Volcano “F” is the origin of the floating stones

by    DiveSSI    9th December 2019
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Pictures of the ESA satellite "Copernicus Sentinel-2" with clear traces of an underwater option on the water surface, (c) ESA
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Illustration of the "volcano F" based on older bathymetric data, graphic: (c) Philipp Brandl / GEOMAR
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The volcanic island Fonualei, which is not far from the underwater volcano "F", (c) Philipp Brandl / GEOMAR
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Only in January 2019 did the German research vessel "SONNE" west of Tonga carry out an expedition under the guidance of GEOMAR, (c) Philipp Brandl / GEOMAR
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Propagation of the pumice raft on a photograph of the satellite "Copernicus sentinel-2", (c) ESA

Researchers publish study on pumice raft in the Southwest Pacific
Since August 2019, a huge cluster of pumice stones in the south-western Pacific is heading for Australia. Researchers from the GEOMAR Helmholtz Center for Ocean Research Kiel, together with colleagues from Canada and Australia, have now identified the origin of this so-called pumice stone raft. It is a hitherto nameless underwater volcano in Tongan waters. The study has now appeared online in the international journal ‘Journal of Volcanology and Geothermal Research’.
Stones do not swim in the water. That's a truism. But there is hardly a rule without exception. In fact, some volcanic eruptions produce a very porous rock whose density is so low that it floats: pumice. An unusually large amount of it is currently heading southwest in the direction of Australia. When it was first sighted in the waters of the island nation of Tonga at the beginning of August 2019, it almost formed a closed area – a little island - on the water; we reported.
Various underwater volcanoes were then discussed as the cause of the phenomenon. But the direct evidence for the exact origin of pumice stone was missing so far. Researchers at GEOMAR have now published evidence together with colleagues that uniquely identifies the pumice source. It is a hitherto unnamed underwater volcano just 50 kilometres northwest of the Tongan island of Vava'u. "In the international literature he appears so far only under the number 243091 or as volcano F," says dr. Philipp Brandl from GEOMAR, first author of the study.
It was not until January 2019 that Dr. Brandl and several of his co-authors have been on the way in the region with the German research vessel "SONNE". The expedition focused on the formation of new crust in the geologically highly active region between Fiji and Tonga. "When I saw the reports of the pumice raft in the media during the summer, I became curious and started researching with my colleagues," says Brandl.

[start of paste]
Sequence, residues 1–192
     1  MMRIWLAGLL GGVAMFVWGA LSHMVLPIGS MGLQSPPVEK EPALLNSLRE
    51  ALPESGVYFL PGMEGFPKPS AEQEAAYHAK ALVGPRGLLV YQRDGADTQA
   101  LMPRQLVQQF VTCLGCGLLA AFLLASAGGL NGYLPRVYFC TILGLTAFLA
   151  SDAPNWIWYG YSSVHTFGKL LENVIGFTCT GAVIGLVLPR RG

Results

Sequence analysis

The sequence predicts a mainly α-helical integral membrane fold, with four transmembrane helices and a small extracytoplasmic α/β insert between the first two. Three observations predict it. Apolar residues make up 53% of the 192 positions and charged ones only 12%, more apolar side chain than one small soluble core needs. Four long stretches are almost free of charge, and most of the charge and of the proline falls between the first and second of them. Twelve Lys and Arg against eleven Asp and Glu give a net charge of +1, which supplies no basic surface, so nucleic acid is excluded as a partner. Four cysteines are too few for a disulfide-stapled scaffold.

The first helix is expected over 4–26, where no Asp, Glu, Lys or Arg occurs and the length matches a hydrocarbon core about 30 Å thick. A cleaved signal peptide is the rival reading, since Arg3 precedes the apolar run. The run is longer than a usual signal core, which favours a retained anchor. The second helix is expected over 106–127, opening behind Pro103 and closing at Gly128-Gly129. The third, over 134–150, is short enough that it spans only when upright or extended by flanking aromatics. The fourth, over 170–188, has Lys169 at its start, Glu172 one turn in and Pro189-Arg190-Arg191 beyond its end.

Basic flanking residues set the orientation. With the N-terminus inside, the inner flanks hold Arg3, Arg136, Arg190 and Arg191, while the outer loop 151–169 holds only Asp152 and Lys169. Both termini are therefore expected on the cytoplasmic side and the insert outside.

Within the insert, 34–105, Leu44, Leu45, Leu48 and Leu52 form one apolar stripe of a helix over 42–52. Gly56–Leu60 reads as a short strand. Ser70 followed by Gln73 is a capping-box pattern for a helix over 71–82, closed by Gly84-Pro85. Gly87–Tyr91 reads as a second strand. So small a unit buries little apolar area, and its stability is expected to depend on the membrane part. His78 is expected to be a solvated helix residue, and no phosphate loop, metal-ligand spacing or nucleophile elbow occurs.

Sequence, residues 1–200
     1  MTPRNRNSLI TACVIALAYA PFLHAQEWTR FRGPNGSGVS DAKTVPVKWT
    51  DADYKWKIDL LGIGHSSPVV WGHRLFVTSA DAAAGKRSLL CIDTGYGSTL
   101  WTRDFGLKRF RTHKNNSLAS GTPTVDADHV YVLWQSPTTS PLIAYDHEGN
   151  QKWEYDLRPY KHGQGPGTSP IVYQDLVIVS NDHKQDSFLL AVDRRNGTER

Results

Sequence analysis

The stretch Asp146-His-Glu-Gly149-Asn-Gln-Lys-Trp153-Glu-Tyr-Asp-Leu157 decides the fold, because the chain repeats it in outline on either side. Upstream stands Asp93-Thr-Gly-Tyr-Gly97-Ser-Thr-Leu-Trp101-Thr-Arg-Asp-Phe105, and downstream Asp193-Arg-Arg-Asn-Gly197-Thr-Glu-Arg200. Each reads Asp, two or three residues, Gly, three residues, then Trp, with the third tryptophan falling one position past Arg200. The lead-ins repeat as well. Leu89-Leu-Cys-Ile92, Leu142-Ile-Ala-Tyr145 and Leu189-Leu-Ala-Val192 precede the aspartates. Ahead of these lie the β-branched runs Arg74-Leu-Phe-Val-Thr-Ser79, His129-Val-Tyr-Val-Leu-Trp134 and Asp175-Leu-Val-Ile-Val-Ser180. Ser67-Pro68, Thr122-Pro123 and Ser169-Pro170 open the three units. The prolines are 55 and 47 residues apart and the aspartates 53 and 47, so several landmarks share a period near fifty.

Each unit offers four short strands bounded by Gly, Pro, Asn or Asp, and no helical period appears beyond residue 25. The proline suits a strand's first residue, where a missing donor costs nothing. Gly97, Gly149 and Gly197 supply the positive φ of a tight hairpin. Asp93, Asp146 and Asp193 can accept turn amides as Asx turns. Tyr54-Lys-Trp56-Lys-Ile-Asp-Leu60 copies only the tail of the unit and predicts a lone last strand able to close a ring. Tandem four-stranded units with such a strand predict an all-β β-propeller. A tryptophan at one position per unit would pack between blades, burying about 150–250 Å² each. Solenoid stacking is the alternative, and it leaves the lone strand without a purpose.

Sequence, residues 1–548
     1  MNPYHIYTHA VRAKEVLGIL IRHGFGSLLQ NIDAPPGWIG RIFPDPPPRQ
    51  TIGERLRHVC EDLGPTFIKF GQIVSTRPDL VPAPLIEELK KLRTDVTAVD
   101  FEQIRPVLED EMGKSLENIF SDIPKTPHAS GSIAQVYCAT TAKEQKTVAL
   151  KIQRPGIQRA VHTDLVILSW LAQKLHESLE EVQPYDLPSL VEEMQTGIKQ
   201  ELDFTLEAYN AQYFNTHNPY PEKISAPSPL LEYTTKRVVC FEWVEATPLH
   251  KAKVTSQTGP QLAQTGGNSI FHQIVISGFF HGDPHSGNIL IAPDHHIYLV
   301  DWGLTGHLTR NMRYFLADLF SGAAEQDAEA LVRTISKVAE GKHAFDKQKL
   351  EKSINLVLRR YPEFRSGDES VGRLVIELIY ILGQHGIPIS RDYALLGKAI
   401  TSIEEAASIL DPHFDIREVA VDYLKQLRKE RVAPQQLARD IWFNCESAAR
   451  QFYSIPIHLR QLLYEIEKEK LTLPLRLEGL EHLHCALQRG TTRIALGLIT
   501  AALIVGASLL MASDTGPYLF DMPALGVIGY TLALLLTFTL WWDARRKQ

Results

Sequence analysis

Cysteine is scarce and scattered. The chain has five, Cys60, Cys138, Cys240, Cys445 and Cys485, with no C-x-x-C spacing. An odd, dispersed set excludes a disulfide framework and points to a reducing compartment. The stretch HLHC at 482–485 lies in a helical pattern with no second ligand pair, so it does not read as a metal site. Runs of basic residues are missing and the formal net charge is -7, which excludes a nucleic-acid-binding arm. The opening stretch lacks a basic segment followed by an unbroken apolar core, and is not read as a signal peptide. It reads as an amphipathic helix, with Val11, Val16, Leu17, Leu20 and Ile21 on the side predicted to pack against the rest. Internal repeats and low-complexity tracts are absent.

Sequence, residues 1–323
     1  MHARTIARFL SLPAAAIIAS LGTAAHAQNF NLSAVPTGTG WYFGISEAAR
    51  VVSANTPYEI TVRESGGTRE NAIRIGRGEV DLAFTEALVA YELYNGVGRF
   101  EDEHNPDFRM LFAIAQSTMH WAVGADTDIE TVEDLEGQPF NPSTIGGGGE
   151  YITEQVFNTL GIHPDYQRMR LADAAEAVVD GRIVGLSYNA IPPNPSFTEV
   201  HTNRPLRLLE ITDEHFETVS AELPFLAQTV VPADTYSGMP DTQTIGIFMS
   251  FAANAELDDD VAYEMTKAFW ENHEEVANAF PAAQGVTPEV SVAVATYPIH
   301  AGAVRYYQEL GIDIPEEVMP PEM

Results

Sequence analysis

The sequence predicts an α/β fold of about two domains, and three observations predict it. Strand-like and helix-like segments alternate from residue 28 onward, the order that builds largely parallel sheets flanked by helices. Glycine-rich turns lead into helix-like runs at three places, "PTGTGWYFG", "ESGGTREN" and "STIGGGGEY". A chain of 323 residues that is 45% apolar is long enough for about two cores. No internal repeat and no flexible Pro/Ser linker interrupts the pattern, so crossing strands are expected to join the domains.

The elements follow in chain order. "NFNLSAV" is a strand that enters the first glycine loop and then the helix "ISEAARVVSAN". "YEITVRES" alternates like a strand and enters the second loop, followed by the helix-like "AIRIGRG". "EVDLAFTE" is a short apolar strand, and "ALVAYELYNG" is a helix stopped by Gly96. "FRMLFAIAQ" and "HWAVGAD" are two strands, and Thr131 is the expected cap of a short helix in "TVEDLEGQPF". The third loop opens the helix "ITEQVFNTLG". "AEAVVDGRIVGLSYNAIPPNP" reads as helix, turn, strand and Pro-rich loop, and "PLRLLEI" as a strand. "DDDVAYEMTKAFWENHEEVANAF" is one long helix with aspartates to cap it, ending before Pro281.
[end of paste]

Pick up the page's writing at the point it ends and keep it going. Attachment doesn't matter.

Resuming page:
When evaluating freely accessible satellite imagery, the team found it. On a recording of the ESA satellite "Copernicus Sentinel-2" on 6 August 2019, clear traces of an active underwater eruption can be seen on the water surface. Since the images are exactly geo-referenced, they could be compared with appropriate seabed surveys. "The eruption traces fit exactly to Volcano F," explains Dr. Brandl.
For safety reasons, the researchers also compared this position with information from seismic measuring stations, which recorded signals of the eruption. "Unfortunately, the network of such stations in the region is very thin. There were only two eligible for matching. But their data confirm the track to the volcano F", said Dr. Brandl.
The pumice stone can occur in volcanic eruptions when viscous lava is foamed by volcanic gases such as water vapour and carbon dioxide. This creates so many pores in the cooled rock that its density is lower than that of water. "In an underwater eruption, of course, the probability is particularly high that pumice stone is formed," explains Dr. med. Brandl.
With the help of further satellite imagery, the team continued to follow the path and spread of the pumice raft until mid-August. It drifted slowly west and reached an area of up to 167 square kilometres. This also allowed the team to draw conclusions about the size of the underwater eruption. It corresponded to a volcanic eruption index of 2 or 3, which corresponds to the recent eruptions of the Italian volcano Stromboli.
With the current direction and speed the pumice island will probably reach the the Great Barrier Reef off Australia's east coast in the end of January or early February 2020. Biologists in particular are eagerly awaiting this event because pumice rafts may play an important role in the spread of organisms in the Pacific. The Kiel team of geologists would like to examine samples of the pumice stones in order to determine the geochemistry of volcano F more precisely. "Maybe Australian colleagues will send us some pieces next year," says Dr. Brandl.
Further information
Solving the mystery of floating rocks

Written by
DiveSSI
Date
9th December 2019
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